Time limit (video gaming)

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When a teen plays video games in small doses it is easyer for them to get addicted say for 30 minuets a day. But if they play longer studies show that none become addicted because they have been satisfied. There was a studie of teenagers that played video games and ones that didn’t the ones that didn’t 47% of them became addicted to other thing as they aged etc drugs and alcohol. But the ones that played a lot only 7% we’re addicted to things later in life. This proves that it is better to play a lot of video games than a little.

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All of the video games in the Super Mario Bros. series with the exception of Super Mario Bros. 2 have some sort of time limit.[1] These limits usually start large and are used to keep players moving instead of waiting for enemies to fall down pits.[1] Faster music appears when the time limit is about to be breached.[1] Any amount of time left over is multiplied by a certain amount and added into the overall score.[1] Time limits also appear in video games like Bébé's Kids[2] and Timecop, both for the Super Nintendo Entertainment System. Other games that have time limits for various systems include: Mario Party (to determine when a minigame ends), Street Fighter V (to show how much time remains in a round), and Mario Kart 8 (to show how much time is left until a race or battle starts).[3] A rare example of a time limit system that counts forwards instead of backwards is in Bio Senshi Dan: Increaser to no Tatakai. The more time players take to solve the level, the more powerful the end-level boss becomes.[4]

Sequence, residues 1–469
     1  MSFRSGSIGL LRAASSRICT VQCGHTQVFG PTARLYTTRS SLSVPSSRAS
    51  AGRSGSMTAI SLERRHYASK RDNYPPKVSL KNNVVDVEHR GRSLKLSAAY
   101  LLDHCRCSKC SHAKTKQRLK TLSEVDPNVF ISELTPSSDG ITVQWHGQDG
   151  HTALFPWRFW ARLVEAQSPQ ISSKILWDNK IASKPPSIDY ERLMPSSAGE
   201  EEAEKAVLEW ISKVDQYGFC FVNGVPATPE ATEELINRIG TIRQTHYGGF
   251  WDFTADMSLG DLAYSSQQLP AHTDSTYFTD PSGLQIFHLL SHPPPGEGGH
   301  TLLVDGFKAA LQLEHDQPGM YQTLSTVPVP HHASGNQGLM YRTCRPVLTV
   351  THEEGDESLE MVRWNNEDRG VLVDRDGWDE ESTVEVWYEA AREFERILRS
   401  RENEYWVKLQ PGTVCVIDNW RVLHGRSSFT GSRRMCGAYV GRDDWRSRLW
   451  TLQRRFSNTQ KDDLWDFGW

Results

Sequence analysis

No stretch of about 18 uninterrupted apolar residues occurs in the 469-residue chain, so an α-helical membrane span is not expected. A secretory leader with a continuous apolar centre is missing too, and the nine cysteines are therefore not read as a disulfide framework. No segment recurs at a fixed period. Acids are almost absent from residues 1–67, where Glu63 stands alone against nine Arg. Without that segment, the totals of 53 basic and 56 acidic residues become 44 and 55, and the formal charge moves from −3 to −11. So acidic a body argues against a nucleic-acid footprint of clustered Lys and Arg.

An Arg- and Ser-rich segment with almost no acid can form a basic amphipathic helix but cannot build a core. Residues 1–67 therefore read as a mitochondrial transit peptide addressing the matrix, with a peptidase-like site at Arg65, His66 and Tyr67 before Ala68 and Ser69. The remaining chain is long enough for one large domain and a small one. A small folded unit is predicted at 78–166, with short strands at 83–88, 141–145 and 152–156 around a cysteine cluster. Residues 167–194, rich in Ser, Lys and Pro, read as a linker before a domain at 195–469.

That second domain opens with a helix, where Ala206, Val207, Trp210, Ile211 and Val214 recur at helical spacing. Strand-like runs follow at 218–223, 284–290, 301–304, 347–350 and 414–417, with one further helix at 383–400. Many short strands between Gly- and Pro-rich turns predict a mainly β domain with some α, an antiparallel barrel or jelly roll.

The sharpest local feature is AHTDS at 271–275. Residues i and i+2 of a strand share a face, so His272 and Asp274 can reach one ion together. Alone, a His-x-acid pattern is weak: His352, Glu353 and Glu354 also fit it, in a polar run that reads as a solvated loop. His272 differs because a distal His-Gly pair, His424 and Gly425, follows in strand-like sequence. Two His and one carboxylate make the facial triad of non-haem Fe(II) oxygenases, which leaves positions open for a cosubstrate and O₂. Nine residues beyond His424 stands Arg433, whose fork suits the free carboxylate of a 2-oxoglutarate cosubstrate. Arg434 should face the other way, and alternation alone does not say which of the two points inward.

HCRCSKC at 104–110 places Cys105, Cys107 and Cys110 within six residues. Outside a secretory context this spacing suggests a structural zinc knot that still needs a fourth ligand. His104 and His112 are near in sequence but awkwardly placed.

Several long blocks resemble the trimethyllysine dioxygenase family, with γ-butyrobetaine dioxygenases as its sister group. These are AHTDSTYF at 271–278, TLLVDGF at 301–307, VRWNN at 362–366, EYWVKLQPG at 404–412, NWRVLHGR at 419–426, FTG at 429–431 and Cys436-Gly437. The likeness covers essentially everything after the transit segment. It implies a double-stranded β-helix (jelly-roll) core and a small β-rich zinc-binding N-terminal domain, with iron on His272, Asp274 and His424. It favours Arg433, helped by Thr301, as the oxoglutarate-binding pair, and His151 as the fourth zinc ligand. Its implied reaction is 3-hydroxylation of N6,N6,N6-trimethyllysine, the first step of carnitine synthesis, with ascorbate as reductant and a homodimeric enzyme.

Many video games use a time limit feature, with console systems ranging from the Intellivision to the PlayStation 4.[3] A time limit can have several aliases associated with it: countdown timer (used mostly for continues), race timer (appearing in various racing games to show how much time the player has raced around the track), minigame timer (appearing in various minigames), round timer (appearing in fighting games), mission timer (used in action games where players have to escape from a fatal situation), sports timer (appears in sports games like basketball and American football), and pre-race countdown timer (appears in most racing games to signal the start of the race).[3]

Many recent multiplayer video games (such as Halo 4 and Call of Duty: Modern Warfare 3) involve some form of a time limit on its online servers. Usually, each game is given a ten- to twenty-minute time limit. For many games, a certain score by one team will end the game, but otherwise, whichever team holds the lead at the expiration of the time limit is declared the winner.

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